Archive for February, 2012

We really need rain at the moment and, if it must rain, today was the best sort of rainy day for toddlers.  It was wet overnight and in the morning, but temperatures remained mild and the skies brightened in the afternoon.  This meant it was perfect weather for puddles which, for toddlers, is what rainy days are all about.

I really don’t like taking the boys to indoors play areas at any time–they just have too much energy for those places–but I really hate taking them to indoors play spaces on wet winter days when they are crowded with frustrated and often sickly kids.  It always ends in tantrums or fevers.  Plus, the boys love the wet. So now when it rains I just take the kids outside.  What is it the Scandinavians say? There’s no such thing as bad weather, just bad clothes?

tracking the run-off

Sometimes we do a Serious Wet Weather Hike on the weekends. Stevens Creek is one of our favorite and super muddy destinations as the rain really brings the wildlife out.  Hidden Villa also has awesome puddles after a storm.  Other times we just do a rain walk down the street which is what we did today.  It’s a little disappointing that the City of Palo Alto put storm drains in our road last year as this has had a deleterious effect on our street’s puddles, but the little ones had fun following the run-off down the street and working out where it fed into the creek.  And the local park still had puddles galore. In the end, we spent just about the whole day outside as usual.

When do boys grow out of this?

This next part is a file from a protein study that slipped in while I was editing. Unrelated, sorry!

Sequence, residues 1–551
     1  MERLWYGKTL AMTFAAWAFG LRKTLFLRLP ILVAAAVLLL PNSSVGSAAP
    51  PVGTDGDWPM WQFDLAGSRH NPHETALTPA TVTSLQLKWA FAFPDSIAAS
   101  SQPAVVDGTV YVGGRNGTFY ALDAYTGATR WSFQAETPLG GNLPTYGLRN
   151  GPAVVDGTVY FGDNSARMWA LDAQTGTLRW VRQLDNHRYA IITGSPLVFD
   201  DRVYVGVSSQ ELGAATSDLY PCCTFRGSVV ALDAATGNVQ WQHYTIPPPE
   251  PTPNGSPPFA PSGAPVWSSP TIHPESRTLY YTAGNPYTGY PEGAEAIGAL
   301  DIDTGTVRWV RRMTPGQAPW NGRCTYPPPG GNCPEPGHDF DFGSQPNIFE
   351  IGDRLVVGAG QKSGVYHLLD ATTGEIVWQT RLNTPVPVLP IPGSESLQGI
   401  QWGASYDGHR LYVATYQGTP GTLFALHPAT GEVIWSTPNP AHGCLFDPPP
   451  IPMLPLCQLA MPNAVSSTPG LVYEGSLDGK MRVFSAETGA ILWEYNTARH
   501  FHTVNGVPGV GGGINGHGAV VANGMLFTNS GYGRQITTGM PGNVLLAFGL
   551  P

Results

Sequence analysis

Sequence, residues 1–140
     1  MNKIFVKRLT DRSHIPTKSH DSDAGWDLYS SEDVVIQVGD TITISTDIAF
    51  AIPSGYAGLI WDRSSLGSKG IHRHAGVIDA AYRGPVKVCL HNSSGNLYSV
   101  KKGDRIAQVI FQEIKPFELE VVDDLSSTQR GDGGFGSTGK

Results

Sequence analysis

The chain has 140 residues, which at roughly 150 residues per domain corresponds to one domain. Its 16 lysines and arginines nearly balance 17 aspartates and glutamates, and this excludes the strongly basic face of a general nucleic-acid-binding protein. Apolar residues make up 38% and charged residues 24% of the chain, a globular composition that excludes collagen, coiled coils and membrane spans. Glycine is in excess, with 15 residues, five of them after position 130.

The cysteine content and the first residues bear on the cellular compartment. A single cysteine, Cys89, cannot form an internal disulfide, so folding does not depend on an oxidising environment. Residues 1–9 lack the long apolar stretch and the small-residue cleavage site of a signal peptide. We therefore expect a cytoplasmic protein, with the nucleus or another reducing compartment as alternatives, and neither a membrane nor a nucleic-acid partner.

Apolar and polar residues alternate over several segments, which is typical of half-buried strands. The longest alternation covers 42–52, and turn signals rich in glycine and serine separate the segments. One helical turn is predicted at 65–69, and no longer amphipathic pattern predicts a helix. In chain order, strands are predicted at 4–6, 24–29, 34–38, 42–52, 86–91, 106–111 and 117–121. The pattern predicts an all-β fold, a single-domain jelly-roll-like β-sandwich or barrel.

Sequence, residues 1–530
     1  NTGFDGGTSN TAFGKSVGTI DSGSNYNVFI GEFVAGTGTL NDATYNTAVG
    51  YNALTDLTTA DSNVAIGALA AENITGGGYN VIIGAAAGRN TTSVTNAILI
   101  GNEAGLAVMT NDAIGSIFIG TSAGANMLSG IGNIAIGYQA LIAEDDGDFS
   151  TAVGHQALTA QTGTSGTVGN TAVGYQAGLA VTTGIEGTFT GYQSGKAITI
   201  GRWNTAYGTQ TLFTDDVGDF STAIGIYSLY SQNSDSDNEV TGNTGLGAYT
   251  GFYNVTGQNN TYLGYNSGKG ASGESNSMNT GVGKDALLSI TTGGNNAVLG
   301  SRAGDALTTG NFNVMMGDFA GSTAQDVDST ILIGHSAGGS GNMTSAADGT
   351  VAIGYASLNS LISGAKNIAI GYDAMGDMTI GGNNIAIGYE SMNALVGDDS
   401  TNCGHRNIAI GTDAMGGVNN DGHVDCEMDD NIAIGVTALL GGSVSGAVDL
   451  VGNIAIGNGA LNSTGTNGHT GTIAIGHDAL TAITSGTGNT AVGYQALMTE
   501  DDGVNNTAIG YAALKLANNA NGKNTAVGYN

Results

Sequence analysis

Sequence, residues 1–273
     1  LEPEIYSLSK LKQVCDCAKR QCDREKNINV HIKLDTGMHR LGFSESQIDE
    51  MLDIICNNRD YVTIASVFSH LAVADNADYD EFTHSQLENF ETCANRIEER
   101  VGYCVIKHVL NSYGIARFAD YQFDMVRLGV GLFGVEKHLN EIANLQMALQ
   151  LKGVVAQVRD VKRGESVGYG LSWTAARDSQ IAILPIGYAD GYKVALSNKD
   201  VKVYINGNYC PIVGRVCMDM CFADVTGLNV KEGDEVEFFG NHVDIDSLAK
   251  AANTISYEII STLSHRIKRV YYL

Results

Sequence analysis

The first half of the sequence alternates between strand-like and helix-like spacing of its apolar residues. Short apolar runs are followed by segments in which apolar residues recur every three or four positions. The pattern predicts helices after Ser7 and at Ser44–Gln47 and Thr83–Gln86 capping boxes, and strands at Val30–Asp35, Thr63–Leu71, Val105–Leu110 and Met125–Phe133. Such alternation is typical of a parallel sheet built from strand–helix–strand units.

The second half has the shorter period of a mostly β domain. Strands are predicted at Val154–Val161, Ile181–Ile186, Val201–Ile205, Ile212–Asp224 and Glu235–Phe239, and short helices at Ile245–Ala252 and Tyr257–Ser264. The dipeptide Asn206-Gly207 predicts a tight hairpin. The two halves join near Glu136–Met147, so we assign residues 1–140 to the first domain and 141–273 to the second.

Where do you like to take your kids to enjoy some outdoors rain time? I’m always looking for inspiration on this one. And the more puddles the better.

[as a side note, I often find the weather forecasts exaggerate the chance of rain round here and I’ve come to relay on this radar program to let me know what storms are actually in the area. It’s pretty good at forecasting the following 6 hours – perfect for planning toddler outings].

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I was fascinated by a recent report that suggested sugar is about as toxic to our bodies as alcohol and that we eat far, far too much of it.  You can find a good summary of the report here (the actual report is behind a subscription wall).  Now I know this has been a little controversial but its basic arguments, that too much sugar is unhealthy and that sugar is addictive, do seem to be substantiated by the evidence.  I also know that I am a terrible sugar addict with out-of-control cravings for mint aeros and jam.

Inspired by the report (and by the hope that a sugarless diet will shift that last bit of second-baby-fat), my husband and I have decided to do a ‘no sugar month challenge’ and March is the month. As of tomorrow, we are both going to try to exclude any items with added sugar from our diets. (Foods with naturally occurring sugars – fruits–are permissible).  He feels he can do it. We both feel I will last about three days.  We shall see.  Declaring the challenge to the world is my way of seeking accountability in the hope I may make it to five days.

And what a good example we would set our kids right?

Would love companions in the journey……

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Although it seems early, this week we started thinking about our summer veggie garden. I’m told by my green-fingered neighbour that now is the time to plant seeds so that the baby plants will be ready to transplant in a month or two. Sowing seeds directly into the soil round here just doesn’t work–far too many slugs. You can wait a couple of months and plant shop-bought seedlings into your beds, but I thought it would be fun for the boys to grow our plants from seed this year.  Our winter veggie garden was only a moderate success.  We did get some broccoli, cauliflower and cabbage out of it, but the weather was just too warm and the frosts too few for these plants to flourish.  I have higher hopes for our summer garden.

worm stew